Web, TV and /or Radio content monitored by the service provider is fed into the REVEAL THIS prototype, it is being analysed, indexed, categorized and summarized and stored in an archive. This data can be searched and/or can be pushed to a user according to his/her interests. Novice and advanced computer users are targeted; the former will be using mainly a simple mobile phone interface where information will be pushed to, while advanced computer users will use a web interface for searching for information. Cross-lingual retrieval is enabled (i.e. the user can issue a query in one language and retrieve data in another), while the summaries presented to the user are not only translated to the user′s language but are also personalized according to a user′s interest or specific query. English and Greek for EU politics, news and travel-related data are handled by the prototype.

Figure 3 illustrates the system architecture; input data is analyzed by a number of different medium-specific processors (i.e. speech processing component, image analysis component, etc.) each of which provides its own interpretation of the data contributing to the ”bag” of time-aligned (in the case of audio and video files) medium-specific pieces of information (e.g. speaker turns, named entities, facts, image categories, face ids, text categories etc.). These pieces of information are available for the more complex modules, which are responsible for indexing, categorization and summarization.

Figure 3. The REVEAL THIS system architecture

The REVEAL THIS system architecture

These more complex modules are viewed as decision mechanisms that should take advantage of the semantic interaction between the different medium-specific pieces of information available for a video segment. The latter is the result of a similarly viewed segmentation mechanism, which stands as the processing (indexing- categorization- summarization-) unit for these modules. These units/segments are semantically coherent video segments covering a particular topic. The REVEAL THIS attempts to develop cross-media decision mechanisms for video segmentation, video indexing, video categorization and multimedia summarization are still ongoing. What are these mechanisms supposed to decide on though?

Crossing-media for achieving a task has normally taken the form of finding semantic equivalences between different media both of which express the same information (e.g. a TV news programme and a corresponding web news article) [ BKW99 ]. REVEAL THIS suggests mechanisms for crossing-media within the same multimedia document (i.e. video), where one needs to go beyond the notion of semantic equivalence to other semantic interaction relations.

Cross-media decision mechanisms go a step further from medium-specific feature fusion suggested in the literature (cf. section 3.1 ) and attempt to decide whether two medium-specific representations:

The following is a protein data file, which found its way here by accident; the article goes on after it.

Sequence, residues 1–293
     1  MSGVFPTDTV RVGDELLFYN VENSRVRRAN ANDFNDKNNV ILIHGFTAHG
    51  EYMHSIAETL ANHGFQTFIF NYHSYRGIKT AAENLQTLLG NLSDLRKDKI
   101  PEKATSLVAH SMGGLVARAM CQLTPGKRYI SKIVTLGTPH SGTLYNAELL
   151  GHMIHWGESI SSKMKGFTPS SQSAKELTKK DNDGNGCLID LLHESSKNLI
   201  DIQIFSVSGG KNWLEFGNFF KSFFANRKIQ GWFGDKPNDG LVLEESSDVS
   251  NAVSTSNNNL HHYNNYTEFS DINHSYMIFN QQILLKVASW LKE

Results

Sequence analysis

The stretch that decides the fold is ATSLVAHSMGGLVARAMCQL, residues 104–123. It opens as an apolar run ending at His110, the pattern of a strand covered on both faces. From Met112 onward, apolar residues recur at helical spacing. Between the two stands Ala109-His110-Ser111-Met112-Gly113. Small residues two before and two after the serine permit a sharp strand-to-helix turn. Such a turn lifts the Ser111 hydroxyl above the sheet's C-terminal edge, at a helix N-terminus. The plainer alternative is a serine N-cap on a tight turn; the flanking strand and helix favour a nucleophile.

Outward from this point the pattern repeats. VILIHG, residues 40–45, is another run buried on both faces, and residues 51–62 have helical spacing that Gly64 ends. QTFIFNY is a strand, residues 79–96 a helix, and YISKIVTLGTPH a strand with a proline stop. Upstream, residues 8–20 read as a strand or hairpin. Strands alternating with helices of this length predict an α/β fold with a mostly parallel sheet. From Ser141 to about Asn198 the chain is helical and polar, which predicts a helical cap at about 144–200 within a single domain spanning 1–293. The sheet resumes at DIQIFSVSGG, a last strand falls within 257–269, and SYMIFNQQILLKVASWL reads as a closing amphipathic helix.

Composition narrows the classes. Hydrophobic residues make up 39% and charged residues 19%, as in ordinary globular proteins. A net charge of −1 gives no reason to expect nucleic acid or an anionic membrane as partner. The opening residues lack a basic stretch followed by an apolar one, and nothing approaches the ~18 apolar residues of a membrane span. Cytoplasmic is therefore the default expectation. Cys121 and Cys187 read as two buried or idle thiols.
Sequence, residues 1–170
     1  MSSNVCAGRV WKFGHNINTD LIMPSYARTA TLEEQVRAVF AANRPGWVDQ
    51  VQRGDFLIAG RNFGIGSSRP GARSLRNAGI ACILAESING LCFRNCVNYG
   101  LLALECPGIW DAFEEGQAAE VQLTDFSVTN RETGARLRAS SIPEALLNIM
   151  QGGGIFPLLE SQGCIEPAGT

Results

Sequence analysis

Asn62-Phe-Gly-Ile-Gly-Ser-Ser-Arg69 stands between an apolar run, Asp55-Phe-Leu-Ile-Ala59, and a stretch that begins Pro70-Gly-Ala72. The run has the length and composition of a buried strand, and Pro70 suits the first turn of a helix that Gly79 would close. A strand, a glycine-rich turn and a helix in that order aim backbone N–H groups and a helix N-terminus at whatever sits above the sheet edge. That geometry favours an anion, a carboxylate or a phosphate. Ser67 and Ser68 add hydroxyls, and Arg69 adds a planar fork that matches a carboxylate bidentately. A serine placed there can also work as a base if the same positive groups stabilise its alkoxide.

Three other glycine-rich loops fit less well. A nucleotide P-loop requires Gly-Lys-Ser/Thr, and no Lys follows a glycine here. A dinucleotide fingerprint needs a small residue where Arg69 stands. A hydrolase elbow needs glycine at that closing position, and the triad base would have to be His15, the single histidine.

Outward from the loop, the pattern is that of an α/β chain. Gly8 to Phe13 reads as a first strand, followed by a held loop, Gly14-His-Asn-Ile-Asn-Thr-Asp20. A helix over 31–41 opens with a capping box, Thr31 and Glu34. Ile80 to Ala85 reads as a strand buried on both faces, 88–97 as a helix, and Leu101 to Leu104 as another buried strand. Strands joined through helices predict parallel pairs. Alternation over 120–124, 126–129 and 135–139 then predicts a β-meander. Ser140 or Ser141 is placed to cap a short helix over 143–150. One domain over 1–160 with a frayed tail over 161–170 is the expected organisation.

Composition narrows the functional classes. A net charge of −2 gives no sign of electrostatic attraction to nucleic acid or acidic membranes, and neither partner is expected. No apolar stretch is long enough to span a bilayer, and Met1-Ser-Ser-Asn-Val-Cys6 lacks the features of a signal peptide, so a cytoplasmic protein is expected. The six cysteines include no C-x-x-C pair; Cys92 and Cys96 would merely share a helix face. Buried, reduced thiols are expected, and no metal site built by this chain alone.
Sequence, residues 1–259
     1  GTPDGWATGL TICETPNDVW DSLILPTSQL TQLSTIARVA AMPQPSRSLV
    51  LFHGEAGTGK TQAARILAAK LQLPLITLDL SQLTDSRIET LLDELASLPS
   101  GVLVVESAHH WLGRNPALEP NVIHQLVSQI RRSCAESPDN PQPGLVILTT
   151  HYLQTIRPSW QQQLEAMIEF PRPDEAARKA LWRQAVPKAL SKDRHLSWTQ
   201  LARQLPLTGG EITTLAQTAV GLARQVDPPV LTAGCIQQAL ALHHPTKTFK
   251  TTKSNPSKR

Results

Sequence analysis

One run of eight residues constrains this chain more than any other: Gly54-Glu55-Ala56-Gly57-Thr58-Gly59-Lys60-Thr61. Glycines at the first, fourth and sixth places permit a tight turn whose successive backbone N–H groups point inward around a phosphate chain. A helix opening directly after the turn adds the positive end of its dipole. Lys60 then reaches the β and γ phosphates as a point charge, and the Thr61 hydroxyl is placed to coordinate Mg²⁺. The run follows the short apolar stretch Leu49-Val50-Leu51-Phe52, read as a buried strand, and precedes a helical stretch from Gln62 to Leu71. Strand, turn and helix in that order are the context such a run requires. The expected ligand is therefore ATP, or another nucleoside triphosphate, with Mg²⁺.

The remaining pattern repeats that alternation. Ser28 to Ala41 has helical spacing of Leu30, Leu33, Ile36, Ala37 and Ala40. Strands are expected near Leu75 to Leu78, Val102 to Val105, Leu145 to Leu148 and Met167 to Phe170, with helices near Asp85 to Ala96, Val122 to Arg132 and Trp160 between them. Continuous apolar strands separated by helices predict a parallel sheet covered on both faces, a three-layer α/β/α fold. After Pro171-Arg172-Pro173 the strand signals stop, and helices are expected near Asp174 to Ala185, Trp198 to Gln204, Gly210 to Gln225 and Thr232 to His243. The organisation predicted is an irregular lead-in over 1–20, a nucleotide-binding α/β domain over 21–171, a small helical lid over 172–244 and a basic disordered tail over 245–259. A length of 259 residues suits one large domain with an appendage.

1. are associated (i.e. there is a semantic equivalence in their meaning) - what multimedia integration does [ PW04 ] (e.g. the image of the European Parliament building and the corresponding textual label),

  2. are not associated but they complement each other, they collaborate in forming a message (e.g. the image of Josep Borrell and the audio of his speech on the European Commission stance on the war in Iraq) , or

  3. are not associated, they do not collaborate in forming a message, they are actually semantically incompatible (contradicting), due to e.g. errors in automatic medium-specific analysis/interpretation

Taking as an example the case of a cross-media indexing mechanism for a video retrieval system, one could say that once the mechanism takes as input the medium-specific analysis of a video segment (e.g. the output of the image analysis component, the face detection component, the speech processing component and the natural language understanding component), it has to decide which medium-specific pieces of information (medium-specific interpretations of the video) are more representative of the content of the segment for indexing.

In case (a), the association indicates a highly significant piece of information, which could be used as an indexing term. In case (b), a conjunction of different medium-specific pieces of information forms the indexing term. In case (c), the indexing mechanism will have to choose (a) piece(s) of information from a specific medium that is to be trusted as more reliable for expressing the video segment content. This choice could be domain- and/or genre-specific, it could rely on each medium processor′s confidence scores etc. The third case is particularly important in view of the technological challenges mentioned in section 3.2 .

One could go on elaborating the notion of cross-media decision mechanisms addressing also the methods that could be used for implementing such mechanisms. However, this goes beyond the scope of this paper, which aims at suggesting these mechanisms as a direction in video search research, which seems more appropriate in the new ”pervasive digital video reality”.

5.  Conclusion